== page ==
Spokane Journal of Business

Making security strides at Riverfront Park

Crime call volume declines as safety plans progress

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-—Judith Spitzer
Jeff Bailey, left, and Brett D. Matiska are among a dozen security officers who patrol the 100-acre park north of downtown. The park’s security department provides around-the-clock monitoring.

Security calls at Spokane’s Riverfront Park have fallen as the park’s security department starts to plan for $2.8 million in public safety improvements—part of the $64.3 million master plan passed by voters in November, says Jeff Bailey, acting Riverfront Park assistant director. 

 “We want people to feel safe in the park whether it’s 2 p.m. in the afternoon or 2 a.m. at night,” Bailey says. 

Bailey, who’s been with the department for a decade, says the park’s security department responded to about 4,790 calls for service last year, compared with about 4,410 in 2013. 

Last year, park security issued 116 civil infractions for fines totaling $36,088, and made 83 arrests.

Crime is down in most categories that the security department tracks except citizen contact, which was up, and that’s a good thing, he says, adding, “We have about 2,300 citizen contacts per year.”

Citizen contact calls represent people asking questions about the park and the history of Spokane, or for directions.

“In a lot of ways, our officers are first line service representatives,” Bailey says. 

The remaining 2,400-plus calls were related to trespass, alcohol, drugs, animals, first aid, and several other categories, he says. There were fewer than 225 service calls related to alcohol last year, compared with almost 450 calls in 2013, and there were 150 calls related to drug use last year, down from 384 calls the year before, he says.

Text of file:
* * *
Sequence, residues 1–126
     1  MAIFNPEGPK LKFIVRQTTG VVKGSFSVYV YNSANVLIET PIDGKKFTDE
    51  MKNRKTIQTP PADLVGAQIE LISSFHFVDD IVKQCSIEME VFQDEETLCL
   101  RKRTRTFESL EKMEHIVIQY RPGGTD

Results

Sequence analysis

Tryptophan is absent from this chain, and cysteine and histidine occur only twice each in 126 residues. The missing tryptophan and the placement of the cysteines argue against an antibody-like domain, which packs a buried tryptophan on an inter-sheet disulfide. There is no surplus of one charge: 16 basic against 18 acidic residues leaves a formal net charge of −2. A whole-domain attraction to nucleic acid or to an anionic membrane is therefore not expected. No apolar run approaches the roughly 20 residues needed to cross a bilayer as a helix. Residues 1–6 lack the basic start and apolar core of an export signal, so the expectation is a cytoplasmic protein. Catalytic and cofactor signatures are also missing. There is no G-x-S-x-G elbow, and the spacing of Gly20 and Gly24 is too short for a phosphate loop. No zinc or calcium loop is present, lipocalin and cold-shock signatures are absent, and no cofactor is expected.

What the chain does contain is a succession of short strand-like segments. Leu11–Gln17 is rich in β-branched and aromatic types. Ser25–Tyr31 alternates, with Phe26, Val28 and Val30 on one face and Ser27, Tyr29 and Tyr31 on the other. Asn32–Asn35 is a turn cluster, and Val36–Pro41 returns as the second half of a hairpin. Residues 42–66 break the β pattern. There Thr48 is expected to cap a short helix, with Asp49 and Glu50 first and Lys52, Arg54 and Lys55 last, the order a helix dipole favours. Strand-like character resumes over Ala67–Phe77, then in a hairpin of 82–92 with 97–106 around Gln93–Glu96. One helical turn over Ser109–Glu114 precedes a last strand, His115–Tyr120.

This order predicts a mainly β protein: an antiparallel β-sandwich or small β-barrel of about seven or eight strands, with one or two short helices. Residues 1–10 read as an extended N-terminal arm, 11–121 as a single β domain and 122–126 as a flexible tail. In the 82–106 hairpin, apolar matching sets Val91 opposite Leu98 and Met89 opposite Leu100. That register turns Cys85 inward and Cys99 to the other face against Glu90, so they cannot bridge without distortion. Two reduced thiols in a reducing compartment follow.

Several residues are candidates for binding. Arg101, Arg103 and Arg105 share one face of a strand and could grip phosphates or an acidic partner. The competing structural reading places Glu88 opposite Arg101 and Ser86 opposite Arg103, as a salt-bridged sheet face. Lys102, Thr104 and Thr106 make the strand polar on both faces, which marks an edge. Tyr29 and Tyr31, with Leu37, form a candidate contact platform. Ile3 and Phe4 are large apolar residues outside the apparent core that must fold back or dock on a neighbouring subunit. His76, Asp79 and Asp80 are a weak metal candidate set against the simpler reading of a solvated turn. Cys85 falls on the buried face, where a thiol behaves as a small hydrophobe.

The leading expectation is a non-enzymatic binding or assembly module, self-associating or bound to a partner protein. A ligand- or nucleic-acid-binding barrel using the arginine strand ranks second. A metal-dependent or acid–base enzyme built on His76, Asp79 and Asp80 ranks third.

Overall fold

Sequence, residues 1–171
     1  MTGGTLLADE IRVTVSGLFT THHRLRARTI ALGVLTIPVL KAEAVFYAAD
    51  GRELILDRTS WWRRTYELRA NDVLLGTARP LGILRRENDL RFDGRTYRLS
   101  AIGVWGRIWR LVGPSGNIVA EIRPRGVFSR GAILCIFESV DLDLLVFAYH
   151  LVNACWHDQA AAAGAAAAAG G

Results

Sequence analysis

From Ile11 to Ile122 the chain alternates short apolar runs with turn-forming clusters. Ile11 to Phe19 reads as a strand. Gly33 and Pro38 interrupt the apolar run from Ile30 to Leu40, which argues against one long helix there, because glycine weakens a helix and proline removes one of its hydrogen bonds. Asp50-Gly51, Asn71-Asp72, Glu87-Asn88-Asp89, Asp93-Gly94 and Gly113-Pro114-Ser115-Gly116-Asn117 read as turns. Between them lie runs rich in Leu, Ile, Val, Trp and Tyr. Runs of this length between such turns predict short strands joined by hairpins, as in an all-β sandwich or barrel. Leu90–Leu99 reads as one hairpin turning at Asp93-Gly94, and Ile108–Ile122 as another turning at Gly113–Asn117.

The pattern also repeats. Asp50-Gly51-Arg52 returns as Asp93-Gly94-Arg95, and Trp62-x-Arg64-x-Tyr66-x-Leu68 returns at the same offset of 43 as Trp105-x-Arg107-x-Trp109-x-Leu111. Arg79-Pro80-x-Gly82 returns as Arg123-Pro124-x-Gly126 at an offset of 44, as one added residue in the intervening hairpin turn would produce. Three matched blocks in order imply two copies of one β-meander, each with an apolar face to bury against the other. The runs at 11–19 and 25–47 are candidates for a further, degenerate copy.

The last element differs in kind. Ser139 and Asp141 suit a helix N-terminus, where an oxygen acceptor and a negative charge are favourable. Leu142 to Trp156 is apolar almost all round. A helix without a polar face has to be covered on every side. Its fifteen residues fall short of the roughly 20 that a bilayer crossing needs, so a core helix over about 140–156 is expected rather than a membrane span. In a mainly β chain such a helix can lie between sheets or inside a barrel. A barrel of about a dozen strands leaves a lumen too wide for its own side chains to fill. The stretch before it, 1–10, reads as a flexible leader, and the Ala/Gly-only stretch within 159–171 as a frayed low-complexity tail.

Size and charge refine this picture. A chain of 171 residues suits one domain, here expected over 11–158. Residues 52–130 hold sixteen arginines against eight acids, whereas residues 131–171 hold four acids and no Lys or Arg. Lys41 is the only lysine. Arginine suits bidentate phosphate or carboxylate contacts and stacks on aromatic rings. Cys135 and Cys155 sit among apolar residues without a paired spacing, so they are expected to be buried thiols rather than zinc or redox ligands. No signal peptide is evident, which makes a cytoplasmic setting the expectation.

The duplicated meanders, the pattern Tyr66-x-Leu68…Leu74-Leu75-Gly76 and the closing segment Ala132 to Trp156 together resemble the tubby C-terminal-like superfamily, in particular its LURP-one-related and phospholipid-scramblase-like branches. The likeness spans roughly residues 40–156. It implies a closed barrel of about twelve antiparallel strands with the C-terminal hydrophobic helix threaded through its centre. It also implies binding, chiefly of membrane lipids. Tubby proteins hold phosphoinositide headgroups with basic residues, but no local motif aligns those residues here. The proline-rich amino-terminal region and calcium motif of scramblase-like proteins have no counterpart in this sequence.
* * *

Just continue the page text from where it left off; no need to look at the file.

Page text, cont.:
The park has beefed up security over the past couple of years, Bailey says, adding that the decrease in calls is largely due to the fact that park officers last year were given more authority with a limited commission designation from the Spokane Police Department.

Limited commissioned officers can make arrests and detain citizens, but they must be transported to the Spokane County Jail by regular police officers, he says. 

Twelve part-time park security officers currently are employed by Riverfront Park and all but two have a limited commission. Park officers don’t carry guns, but they do have access to mace, batons, Tasers, handcuffs, and radios. The officers have access to one police vehicle, which is a police department hand-me-down that Bailey says is at the end of its lifespan. Park officers patrol on foot as well as by bicycle. Bailey says the department has access to eight bikes.

He says increased security coverage was piloted in the summer of 2014, which reduced major vandalism substantially. 

“We changed over to 24-hour coverage in June last year, and we’ve seen significant reductions in vandalism and graffiti just by having bodies there all night,” he says. 

He says the cost of repairing vandalism went from $44 per day to less than $13 per day. 

Bailey says most of the crime in the park is for minor infractions, but people also can be cited or arrested for assault, exposure and lewd conduct, robbery, weapons violations, and disorderly conduct. Bailey adds that the security department has witnessed incidents involving a wide variety of drugs, including some resulting in felony possession charges. And he says the transient population in Spokane sometimes takes advantage of the Park’s concealed locations to be intimate.